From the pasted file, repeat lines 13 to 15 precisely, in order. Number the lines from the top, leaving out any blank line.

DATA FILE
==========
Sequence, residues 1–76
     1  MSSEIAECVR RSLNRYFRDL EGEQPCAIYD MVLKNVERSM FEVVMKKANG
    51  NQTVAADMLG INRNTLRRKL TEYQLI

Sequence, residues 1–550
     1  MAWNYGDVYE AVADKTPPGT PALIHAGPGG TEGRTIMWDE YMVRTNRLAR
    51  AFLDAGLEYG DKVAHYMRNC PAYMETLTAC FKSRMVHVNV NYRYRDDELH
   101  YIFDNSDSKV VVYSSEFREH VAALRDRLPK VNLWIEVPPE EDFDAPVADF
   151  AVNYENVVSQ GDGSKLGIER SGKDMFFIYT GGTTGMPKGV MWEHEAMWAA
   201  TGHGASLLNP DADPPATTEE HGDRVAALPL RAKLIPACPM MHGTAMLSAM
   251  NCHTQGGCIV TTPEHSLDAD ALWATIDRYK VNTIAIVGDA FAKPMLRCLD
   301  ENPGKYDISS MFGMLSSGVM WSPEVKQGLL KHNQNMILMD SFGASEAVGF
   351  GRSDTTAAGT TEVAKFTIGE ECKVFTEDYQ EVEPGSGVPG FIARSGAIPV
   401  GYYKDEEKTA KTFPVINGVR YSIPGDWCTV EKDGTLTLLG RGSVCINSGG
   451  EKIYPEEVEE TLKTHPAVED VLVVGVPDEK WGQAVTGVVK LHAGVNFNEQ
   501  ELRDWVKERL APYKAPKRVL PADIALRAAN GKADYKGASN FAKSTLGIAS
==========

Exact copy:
   401  GYYKDEEKTA KTFPVINGVR YSIPGDWCTV EKDGTLTLLG RGSVCINSGG
   451  EKIYPEEVEE TLKTHPAVED VLVVGVPDEK WGQAVTGVVK LHAGVNFNEQ
   501  ELRDWVKERL APYKAPKRVL PADIALRAAN GKADYKGASN FAKSTLGIAS